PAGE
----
Into the middle of this happy academic consensus stomped Windschuttle with The Fabrication of Australian History, published in December 2002. The first of three books forensically analysing the evidence of Aboriginal deaths in early Australia, it caught out some famous historians in, at best, sloppiness and, at worst, deliberate falsification in their enthusiasm to have a home-grown holocaust.

In an article in this month's Quadrant, Windschuttle runs through some of the ad hominem attacks that ensued, including an accusation in an academic journal by the historian Dirk Moses that he suffered from "castration anxiety". A "little exercise in left-wing McCarthyism" by the historian Bain Atwood to investigate Windschuttle's past employed two research assistants and was funded by Monash University. Windschuttle records the astonishing turnaround, between about 2000 and 2005, by historians he targeted, how they at first denied having used the terms genocide and holocaust and then, when caught out with their own published words, tried to use postmodern definitions of "truth" to redefine the terms. "How to explain such contortions?" asks Windschuttle. "Short-term memory loss? Incapacity to recognise self-contradiction? Wilful dishonesty to deflect criticism? A postmodernist ploy that allows words to mean whatever their users choose?"

Nevertheless, Windschuttle has stopped the genocide juggernaut in its tracks. No historian engages in such pre-2002 exaggeration anymore, which is to the benefit of Aborigines, for whom the semantic debate diverted attention from the real issues of dysfunctional communities, alcohol and drug addiction, child abuse, poor health and education outcomes. Truth has triumphed, if only momentarily. This is already being lamented, by those rendered deaf, dumb and blind by ideology, as evidence of a dreaded New Conservatism that has infected the land.


Rigid Victorian "sex offender" policy partially circumvented at last

An Orbost teacher who lost his job under controversial "zero-tolerance" laws for sexual offences has reached a financial settlement with the State government. The Age believes the confidential settlement is worth about $100,000 and will involve the teacher dropping legal action against the Department of Education and Training and Victoria's teacher registration body. Former Orbost Secondary College teacher Andrew Phillips was forced to resign in February last year after a compulsory police check revealed a prior sexual offence with a minor. As a 20-year-old, Mr Phillips pleaded guilty to the sexual assault of a 15-year-old girl, in 1992. No conviction was recorded and he received a good behaviour bond. The incident was consensual and the complaint was made by a third party. Under the laws, teachers convicted or found guilty of a sex offence involving a minor face mandatory dismissal.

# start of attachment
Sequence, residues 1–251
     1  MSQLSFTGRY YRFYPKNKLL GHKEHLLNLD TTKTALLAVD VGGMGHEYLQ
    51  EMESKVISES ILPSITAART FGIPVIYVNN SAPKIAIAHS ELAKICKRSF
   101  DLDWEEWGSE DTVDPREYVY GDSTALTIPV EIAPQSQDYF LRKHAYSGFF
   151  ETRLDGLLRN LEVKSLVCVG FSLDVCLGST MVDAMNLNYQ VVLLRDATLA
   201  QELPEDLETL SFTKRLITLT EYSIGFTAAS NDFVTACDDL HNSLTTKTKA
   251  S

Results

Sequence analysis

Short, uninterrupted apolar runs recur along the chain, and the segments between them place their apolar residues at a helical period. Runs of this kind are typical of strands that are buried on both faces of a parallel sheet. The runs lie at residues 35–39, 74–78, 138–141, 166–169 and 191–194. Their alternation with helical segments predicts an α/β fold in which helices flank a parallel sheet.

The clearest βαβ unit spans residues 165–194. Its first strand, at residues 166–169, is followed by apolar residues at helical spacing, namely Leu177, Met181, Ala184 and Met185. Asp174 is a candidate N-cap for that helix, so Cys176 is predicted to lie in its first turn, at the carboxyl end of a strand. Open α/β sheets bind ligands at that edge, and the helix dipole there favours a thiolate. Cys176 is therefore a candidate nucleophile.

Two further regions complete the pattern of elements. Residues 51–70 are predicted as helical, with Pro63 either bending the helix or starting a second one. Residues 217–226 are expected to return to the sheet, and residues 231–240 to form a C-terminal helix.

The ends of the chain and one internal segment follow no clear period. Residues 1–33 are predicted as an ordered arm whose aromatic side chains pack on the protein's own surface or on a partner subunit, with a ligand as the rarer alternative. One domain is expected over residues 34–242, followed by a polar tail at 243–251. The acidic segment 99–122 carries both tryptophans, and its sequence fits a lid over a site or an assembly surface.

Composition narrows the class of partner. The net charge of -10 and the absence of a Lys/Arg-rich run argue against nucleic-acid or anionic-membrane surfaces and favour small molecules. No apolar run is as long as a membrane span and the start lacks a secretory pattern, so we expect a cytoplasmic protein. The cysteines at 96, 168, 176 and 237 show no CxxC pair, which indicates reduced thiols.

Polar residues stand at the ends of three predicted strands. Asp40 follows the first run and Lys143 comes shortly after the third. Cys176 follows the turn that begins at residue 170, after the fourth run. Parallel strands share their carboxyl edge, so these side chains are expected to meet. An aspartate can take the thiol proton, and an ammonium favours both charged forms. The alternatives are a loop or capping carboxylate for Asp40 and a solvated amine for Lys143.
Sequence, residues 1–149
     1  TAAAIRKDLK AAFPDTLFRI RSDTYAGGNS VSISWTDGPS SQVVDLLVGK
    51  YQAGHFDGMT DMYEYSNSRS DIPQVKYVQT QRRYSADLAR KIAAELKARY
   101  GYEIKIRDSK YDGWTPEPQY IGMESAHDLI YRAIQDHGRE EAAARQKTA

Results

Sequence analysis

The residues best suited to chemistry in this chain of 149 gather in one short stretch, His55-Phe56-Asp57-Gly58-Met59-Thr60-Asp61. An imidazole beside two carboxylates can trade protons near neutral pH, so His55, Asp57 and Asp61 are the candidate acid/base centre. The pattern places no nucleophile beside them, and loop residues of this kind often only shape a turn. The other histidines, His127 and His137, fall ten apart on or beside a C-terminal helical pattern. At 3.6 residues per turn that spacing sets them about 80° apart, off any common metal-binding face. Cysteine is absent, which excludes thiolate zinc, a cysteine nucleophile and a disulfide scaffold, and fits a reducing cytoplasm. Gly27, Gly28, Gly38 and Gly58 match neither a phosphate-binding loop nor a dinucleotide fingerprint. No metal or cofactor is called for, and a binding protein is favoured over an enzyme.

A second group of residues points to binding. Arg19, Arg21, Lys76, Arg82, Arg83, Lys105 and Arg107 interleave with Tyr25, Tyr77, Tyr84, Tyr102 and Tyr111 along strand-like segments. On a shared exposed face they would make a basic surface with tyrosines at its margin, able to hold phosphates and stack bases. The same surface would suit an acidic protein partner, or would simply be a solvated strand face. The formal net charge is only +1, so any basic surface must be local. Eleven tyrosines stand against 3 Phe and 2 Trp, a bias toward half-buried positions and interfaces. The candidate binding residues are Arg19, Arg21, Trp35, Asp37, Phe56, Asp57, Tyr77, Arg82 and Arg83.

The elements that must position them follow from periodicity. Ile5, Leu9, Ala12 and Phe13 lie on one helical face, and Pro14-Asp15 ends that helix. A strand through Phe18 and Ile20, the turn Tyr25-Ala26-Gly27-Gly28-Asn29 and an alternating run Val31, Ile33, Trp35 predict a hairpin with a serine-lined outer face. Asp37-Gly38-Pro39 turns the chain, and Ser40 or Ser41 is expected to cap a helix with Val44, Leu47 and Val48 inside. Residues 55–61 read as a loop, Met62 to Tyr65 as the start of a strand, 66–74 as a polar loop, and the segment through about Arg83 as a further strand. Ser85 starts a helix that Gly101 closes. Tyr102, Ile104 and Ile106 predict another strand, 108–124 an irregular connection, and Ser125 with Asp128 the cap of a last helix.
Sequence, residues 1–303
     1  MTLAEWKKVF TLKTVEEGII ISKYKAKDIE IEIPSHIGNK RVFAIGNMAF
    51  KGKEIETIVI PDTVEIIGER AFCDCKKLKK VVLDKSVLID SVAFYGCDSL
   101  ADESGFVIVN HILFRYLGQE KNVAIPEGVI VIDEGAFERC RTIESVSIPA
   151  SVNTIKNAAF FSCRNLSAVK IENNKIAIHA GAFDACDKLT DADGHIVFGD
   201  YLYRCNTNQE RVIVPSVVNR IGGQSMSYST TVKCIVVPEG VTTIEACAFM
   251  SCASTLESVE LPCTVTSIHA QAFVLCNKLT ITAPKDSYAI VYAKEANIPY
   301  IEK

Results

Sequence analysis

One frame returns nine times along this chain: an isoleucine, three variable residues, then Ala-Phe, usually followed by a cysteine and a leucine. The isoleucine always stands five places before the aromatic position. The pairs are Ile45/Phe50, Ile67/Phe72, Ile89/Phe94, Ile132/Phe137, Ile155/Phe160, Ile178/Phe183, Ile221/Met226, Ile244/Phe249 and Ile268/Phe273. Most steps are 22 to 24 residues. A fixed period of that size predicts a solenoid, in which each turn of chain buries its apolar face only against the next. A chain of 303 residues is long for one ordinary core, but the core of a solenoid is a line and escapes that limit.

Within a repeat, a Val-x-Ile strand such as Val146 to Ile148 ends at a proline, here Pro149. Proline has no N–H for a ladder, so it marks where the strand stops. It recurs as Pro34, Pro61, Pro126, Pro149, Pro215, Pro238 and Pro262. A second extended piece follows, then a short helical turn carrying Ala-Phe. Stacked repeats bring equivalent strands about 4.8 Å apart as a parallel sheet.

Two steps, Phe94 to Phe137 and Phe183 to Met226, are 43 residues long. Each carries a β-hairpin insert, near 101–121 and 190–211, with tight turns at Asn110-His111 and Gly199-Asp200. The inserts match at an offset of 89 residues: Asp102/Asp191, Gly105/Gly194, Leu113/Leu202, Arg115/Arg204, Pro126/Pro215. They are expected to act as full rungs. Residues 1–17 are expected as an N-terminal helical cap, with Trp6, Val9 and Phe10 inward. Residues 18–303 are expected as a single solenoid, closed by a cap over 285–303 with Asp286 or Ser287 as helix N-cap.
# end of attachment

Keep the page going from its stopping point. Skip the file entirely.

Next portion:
Mr Phillips' case sparked fierce debate, with many in the community - including state and federal Labor and conservative politicians and teacher unions - calling for the laws to include ministerial discretion or an appeals process. But Premier Steve Bracks and Education Minister Lynne Kosky have maintained their zero-tolerance approach to offenders. The stance is supported by Parents Victoria and the State Opposition. Yesterday, Ms Kosky said the matters involved complex legal action and the decision took into account "the most appropriate use of taxpayers' funds" - meaning it is cheaper to settle than defend cases.

The Government stands by its legislation and policy for teachers and staff found guilty or convicted of child sex offences, she said. "The Government has acted and will continue to act in the best interests of children and places the protection of students in schools as its highest priority," Ms Kosky said. As part of the settlement, Mr Phillips, 35, will drop court action against the Government, Education Department and the Victorian Institute of Teaching as well an unfair-dismissal claim in the Industrial Relations Commission.